Oklahoma hasn’t shuttered a state park in nine years, and it’s been 20 years since we’ve seen the scope of parks closures announced in early 2011.
In March, the Oklahoma Tourism and Recreation Department said it would close seven state parks, reducing its park total to 35 from 42. The department’s Executive Director Deby Snodgrass said the move would save taxpayers about $660,000 per year.
The department has had its budget cut by more than 22 percent since 2009, and was anticipating its budget to shrink another 3 percent this year, Snodgrass said.
Six of the seven doomed parks were in eastern Oklahoma.
The parks — Adair, Boggy Depot, Heavener Runestone, Brushy Lake, Beaver Dunes, Wah-Sha-She and Lake Eucha — were among the 20 least-attended in 2011, according to tourism data.
While no longer considered state parks, none of the parks are actually closing. Cities assumed management of five of the parks; American Indian tribes took on the other two.
Oklahoma’s last park closure came in 2002, when the state handed the Quartz Mountain Resort Park/Golf Course over to the state’s Higher Education Board of Regents in a bill authored by late state Sen. Robert M. Kerr, D-Altus.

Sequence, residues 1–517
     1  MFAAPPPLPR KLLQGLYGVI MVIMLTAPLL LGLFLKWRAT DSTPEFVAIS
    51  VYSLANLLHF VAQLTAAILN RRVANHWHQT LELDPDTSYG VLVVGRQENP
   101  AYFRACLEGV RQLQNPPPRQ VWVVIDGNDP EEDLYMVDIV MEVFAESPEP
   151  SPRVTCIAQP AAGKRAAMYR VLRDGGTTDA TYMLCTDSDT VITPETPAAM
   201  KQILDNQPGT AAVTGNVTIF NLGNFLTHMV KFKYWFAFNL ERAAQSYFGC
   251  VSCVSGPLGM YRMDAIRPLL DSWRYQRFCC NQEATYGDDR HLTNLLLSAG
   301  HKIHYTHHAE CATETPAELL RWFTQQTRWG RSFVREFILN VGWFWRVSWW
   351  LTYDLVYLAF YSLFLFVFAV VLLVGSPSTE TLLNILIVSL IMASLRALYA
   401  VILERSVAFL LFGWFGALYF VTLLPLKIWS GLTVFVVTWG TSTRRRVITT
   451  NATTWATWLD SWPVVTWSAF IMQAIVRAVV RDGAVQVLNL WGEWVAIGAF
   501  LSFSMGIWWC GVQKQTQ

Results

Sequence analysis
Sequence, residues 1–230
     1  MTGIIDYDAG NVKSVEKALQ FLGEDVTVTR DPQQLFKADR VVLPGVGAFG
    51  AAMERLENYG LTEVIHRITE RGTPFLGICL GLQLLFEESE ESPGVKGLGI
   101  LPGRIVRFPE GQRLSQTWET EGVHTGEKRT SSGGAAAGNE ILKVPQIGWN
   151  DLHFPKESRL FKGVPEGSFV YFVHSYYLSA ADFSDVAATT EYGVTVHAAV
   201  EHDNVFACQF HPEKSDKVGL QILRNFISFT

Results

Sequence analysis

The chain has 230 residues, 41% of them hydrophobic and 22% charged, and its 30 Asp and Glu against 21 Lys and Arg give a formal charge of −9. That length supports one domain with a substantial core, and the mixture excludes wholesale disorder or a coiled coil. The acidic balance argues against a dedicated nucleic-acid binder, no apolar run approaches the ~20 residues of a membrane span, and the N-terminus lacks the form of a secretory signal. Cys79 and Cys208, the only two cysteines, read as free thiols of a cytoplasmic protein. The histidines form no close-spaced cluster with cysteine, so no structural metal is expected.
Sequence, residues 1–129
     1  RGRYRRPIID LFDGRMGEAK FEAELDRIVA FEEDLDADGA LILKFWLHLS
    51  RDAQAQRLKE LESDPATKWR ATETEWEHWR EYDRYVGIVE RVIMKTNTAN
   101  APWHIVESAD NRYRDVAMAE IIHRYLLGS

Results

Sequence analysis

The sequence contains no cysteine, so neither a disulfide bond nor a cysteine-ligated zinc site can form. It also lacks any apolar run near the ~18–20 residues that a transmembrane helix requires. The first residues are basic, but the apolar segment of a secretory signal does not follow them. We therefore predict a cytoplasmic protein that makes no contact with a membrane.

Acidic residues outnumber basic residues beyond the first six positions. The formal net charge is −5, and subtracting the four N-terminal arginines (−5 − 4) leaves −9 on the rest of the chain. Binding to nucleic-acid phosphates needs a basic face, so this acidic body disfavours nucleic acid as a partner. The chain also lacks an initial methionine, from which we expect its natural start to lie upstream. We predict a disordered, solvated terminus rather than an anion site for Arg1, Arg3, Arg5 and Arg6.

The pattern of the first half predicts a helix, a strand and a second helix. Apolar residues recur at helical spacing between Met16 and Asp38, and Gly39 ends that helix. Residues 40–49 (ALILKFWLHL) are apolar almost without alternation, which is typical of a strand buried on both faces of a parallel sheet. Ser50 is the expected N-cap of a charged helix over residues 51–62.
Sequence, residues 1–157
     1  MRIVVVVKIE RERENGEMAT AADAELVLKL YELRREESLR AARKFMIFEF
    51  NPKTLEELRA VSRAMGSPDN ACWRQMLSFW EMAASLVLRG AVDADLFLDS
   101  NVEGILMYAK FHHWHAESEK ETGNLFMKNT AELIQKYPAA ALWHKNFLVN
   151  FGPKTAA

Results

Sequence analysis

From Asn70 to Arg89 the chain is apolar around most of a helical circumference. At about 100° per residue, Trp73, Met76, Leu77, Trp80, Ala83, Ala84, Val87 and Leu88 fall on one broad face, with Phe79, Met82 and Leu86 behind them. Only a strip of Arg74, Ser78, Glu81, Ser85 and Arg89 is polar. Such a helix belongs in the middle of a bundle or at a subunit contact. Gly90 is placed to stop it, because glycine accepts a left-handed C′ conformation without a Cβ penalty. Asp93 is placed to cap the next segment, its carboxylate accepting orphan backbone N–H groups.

Kerr hoped reconfiguring the historically money-losing resort as an educational conference center would help it attract endowments and grants.
Scores of state-run parks, museums and historical sites were shut down in 1991, a dozen of which were transferred to the Oklahoma Historical Society. Operations at 14 other state-run sites were transferred or discontinued all together that year.
Beyond their poor attendance records, data show the parks slated for closure this year were among the 10 that generated the least revenue from activity fees, such as those levied for camping, hooking up RVs or using boat ramps.
All together, the seven former state parks only made $122,628 in FY 2011, less than 1 percent of total parks revenue, tourism data show.
Cities and tribes are just starting to account for the new parks in their budgets, so it’s unclear if the public will see any increases in fees associated with park activities. But some of the parks’ new owners are already discussing whether to cut back on park services and employees.
The City of Sallisaw, which recently acquired Brushy Lake, has reduced the park’s annual bill to about $70,000 from more than $231,000. But City Manager Bill Baker is already lamenting the loss of funding that could have been spent on other city salaries or equipment — like police cars.